Figure 7. A schematic diagram illustrating the interplay between TLX and the BMP-SMAD signaling pathway in the regulation of neurogenesis and astrogenesis. TLX directly modulates the expression of the BMP ligands, which bind and activate the type I (RI) and type II (RII) receptors. These events result in phosphorylation of regulatory SMADs and their dimerization with the common cofactor SMAD4. The SMAD complex acts as a transcriptional activator to induce the expression of downstream targets, which promote astrogenesis and inhibit neurogenesis.
BMPs are members of the transforming growth factor beta (TGFβ) superfamily of signaling ligands. Through signal transduction into the nucleus and transcriptional regulation, the BMPs play dynamic roles in the process of NSC neurogenesis and astrogliogenesis (Bond et al., 2012). BMP-mediated signaling in the adult SVZ is essential to direct the immediate progeny of NSCs toward a neuronal fate (Colak et al., 2008). However, cultured neural progenitors from the SVZ treated with BMPs are preferentially differentiated into the astrocyte lineage (Gross et al., 1996). The overexpression of Bmp4 in transgenic mice leads to the enhanced generation and maturation of astrocytes in the brain, demonstrating that BMP4 is indeed a central player in astrocyte specification (Gomes et al., 2003). Our whole-genome and qRT-PCR analysis of gene expression showed that Bmp4 is markedly upregulated in Nes+ cells from Tlx−/− mice. Moreover, we have provided molecular evidence that TLX directly binds the enhancer region of Bmp4. These data collectively implicate TLX in the suppression of precocious Bmp4 expression in NSCs. Elevated BMP4 levels in Tlx−/− mice might contribute greatly to the early and robust differentiation of astrocytes, an idea consistent with the demonstrated function of BMP signaling during neural development (Gross et al., 1996; Gomes et al., 2003; Bond et al., 2012).
Receptor-regulated phosphorylation of SMAD1/5/8 (pSMAD) is an integral step in the BMP signaling pathway (Wrana, 2000). We found that pSMAD levels increased in P7 Tlx−/− striatum. At this early postnatal stage, GFAP+ cells are restricted to a region close to the lateral ventricular wall, although robust pSMAD-staining is more broadly distributed in cells including neurons. Both NSCs and differentiated cells express the BMP-specific type I and II receptors suggesting that increased Bmp4 expression in Tlx−/− cells may activate downstream SMADs through both paracrine and autocrine signaling pathways (Gross et al., 1996; Mira et al., 2010). The exposure of neural progenitors to BMP ligands induces inhibitors of differentiation (Ids), such as Id1 and Id3, which inhibit neuronal differentiation and promote astroglial commitment (Nakashima et al., 2001). Id3 expression in Tlx−/− brains increased significantly indicating that Id3 might act as an effector to promote astrogenesis and suppress neurogenesis. In parallel with previous reports, neuronal density is vastly reduced in Tlx−/− brains (Roy et al., 2004; Li et al., 2008).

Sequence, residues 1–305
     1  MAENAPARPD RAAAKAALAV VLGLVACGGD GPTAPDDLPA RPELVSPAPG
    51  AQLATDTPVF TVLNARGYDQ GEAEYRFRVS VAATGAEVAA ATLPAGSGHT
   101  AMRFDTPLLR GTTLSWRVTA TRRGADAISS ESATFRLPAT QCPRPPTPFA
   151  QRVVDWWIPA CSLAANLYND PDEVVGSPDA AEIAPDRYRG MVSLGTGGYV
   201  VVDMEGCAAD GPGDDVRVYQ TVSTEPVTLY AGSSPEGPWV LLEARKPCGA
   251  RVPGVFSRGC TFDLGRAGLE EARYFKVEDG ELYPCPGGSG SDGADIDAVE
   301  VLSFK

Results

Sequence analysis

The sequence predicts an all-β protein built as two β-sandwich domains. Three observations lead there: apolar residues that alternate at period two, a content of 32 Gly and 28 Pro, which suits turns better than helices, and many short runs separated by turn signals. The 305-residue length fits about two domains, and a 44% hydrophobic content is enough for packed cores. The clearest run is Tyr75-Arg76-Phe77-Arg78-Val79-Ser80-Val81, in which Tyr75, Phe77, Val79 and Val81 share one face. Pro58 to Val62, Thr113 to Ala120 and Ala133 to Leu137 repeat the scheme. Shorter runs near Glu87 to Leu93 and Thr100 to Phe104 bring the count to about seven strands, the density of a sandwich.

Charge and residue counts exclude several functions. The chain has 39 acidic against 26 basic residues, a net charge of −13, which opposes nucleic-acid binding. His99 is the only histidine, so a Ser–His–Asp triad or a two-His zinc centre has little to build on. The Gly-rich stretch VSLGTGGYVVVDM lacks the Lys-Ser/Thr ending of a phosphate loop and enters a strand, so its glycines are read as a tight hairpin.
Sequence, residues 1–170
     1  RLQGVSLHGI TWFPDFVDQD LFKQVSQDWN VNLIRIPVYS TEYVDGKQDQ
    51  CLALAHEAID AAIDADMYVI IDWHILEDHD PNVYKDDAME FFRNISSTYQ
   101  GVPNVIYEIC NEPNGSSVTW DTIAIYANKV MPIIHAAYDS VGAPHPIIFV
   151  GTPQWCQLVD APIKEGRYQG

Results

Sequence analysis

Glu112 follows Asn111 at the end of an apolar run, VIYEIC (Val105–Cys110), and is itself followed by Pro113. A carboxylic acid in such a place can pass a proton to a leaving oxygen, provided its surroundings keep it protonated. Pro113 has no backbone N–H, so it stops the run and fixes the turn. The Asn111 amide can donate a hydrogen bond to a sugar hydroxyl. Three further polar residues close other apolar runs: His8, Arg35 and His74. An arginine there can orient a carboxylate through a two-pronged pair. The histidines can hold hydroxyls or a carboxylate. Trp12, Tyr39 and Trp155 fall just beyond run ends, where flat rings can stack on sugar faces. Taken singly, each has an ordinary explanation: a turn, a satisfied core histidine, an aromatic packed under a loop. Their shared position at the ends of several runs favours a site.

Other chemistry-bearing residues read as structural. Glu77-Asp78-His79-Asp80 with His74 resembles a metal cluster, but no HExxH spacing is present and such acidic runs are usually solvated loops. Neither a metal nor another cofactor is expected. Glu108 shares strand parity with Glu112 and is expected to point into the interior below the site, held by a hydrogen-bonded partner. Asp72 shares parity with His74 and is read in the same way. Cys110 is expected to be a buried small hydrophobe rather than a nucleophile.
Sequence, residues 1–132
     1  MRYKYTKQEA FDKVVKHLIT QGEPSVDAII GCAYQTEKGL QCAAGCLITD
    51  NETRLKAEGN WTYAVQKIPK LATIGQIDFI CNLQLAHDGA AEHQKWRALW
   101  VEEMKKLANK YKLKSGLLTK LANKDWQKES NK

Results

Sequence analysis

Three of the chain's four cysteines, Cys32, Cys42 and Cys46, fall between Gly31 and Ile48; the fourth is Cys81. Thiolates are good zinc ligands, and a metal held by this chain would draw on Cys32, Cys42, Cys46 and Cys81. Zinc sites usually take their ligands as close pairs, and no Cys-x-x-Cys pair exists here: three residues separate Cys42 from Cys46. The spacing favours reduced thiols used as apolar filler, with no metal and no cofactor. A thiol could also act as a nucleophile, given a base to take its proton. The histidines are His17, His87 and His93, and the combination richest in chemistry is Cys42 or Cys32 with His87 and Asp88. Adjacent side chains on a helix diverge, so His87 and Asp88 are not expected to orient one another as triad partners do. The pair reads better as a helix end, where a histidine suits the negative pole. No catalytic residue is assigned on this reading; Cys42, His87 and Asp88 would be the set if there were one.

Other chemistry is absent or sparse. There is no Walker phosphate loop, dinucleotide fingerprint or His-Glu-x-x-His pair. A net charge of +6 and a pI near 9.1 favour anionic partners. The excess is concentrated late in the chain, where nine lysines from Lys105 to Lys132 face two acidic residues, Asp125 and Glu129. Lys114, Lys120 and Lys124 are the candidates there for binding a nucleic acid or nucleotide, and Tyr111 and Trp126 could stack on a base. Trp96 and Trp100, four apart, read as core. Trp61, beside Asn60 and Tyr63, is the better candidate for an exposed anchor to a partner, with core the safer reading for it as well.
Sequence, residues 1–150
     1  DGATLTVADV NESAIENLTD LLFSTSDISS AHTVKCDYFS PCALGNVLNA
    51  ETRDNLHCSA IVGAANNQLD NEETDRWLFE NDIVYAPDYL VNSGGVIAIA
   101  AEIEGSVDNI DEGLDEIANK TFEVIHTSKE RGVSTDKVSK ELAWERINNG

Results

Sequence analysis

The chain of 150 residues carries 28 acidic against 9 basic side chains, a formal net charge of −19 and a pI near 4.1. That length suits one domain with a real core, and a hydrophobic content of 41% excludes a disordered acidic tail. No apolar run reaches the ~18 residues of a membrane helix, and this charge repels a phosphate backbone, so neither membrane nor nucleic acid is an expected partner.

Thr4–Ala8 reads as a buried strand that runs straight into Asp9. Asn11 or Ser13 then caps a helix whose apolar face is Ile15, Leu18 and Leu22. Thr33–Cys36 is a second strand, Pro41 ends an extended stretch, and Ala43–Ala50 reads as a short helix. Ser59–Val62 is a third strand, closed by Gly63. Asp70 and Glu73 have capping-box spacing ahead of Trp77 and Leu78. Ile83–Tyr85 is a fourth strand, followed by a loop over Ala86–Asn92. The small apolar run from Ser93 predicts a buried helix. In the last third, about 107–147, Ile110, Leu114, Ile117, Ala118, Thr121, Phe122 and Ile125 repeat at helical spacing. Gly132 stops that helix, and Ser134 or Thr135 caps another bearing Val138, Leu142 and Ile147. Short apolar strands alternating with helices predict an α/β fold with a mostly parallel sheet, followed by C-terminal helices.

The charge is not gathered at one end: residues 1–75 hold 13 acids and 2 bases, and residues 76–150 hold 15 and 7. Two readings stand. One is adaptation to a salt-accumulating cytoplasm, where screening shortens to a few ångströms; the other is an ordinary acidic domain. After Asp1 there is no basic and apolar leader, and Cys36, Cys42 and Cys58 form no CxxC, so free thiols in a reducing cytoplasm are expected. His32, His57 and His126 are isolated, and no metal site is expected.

TLX has been shown to directly suppress Gfap gene expression by binding its enhancer/promoter region (Shi et al., 2004). Our work demonstrates that TLX also controls upstream BMP signaling, which hints that the genetic program for astrogenesis is coordinately regulated. The activation of BMP signaling not only controls Gfap expression but a whole set of genes required for astrocyte differentiation and maturation (Bond et al., 2012). The retina is another region of the central nervous system where Tlx is robustly expressed (Yu et al., 2000; Miyawaki et al., 2004; Zhang et al., 2006; Sehgal et al., 2009). During the protracted period of retinogenesis, TLX appears to be important for retinal astrocyte development through interactions with the Sonic hedgehog and BMP signaling pathways (Miyawaki et al., 2004; Sehgal et al., 2009). The canonical WNT/β-catenin pathway is another signaling cascade modulated by TLX and affects the proliferation and self-renewal of NSCs (Qu et al., 2010). Interestingly, the WNT and BMP signaling pathways often crosstalk to regulate similar biological processes (Itasaki and Hoppler, 2010). Collectively, these results demonstrate that TLX tightly controls NSC behavior, such as proliferation, neurogenesis, and gliogenesis, through the modulation of multiple signaling pathways at several developmental stages and in discrete brain regions.
Song Qin and Chun-Li Zhang conceived and designed the experiments. Song Qin, Wenze Niu, and Nida Iqbal performed the experiments. Derek K. Smith critically commented the manuscript. Song Qin and Chun-Li Zhang analyzed data and prepared the manuscript.
Conflict of Interest Statement
The authors declare that the research was conducted in the absence of any commercial or financial relationships that could be construed as a potential conflict of interest.
We thank members of the Zhang laboratory for discussions and reagents and Yuhua Zou for maintaining the mouse colony. Chun-Li Zhang is a W. W. Caruth, Jr. Scholar in Biomedical Research. This work was supported by the Whitehall Foundation Award (2009-12-05), the Welch Foundation Award (I-1724), The Ellison Medical Foundation Award (AG-NS-0753-11), and the NIH grants (1DP2OD006484 and R01NS070981; to Chun-Li Zhang).
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Keywords: nuclear receptor, TLX, neural stem cells, neurogenesis, astrogenesis, BMP-SMAD signaling
Citation: Qin S, Niu W, Iqbal N, Smith DK and Zhang C-L (2014) Orphan nuclear receptor TLX regulates astrogenesis by modulating BMP signaling. Front. Neurosci. 8:74. doi: 10.3389/fnins.2014.00074
Received: 12 January 2014; Paper pending published: 10 February 2014;
Accepted: 26 March 2014; Published online: 10 April 2014.
Edited by:Christophe Beclin, Centre National de la Recherche Scientifique, France
Reviewed by:Francesca Ciccolini, University of Heidelberg, Germany
Juan Manuel Encinas, University of the Basque Country (UPV/EHU), Spain
Copyright © 2014 Qin, Niu, Iqbal, Smith and Zhang. This is an open-access article distributed under the terms of the Creative Commons Attribution License (CC BY). The use, distribution or reproduction in other forums is permitted, provided the original author(s) or licensor are credited and that the original publication in this journal is cited, in accordance with accepted academic practice. No use, distribution or reproduction is permitted which does not comply with these terms.
*Correspondence: Song Qin, Center for Translational Neurodegeneration and Regenerative Therapy, Shanghai Tenth People's Hospital, Tongji University School of Medicine, 301 Yanchang Rd, 200072 Shanghai, China e-mail: firstname.lastname@example.org;
Chun-Li Zhang, Department of Molecular Biology, University of Texas Southwestern Medical Center, 6000 Harry Hines Blvd, Dallas, TX 75390, USA e-mail: email@example.com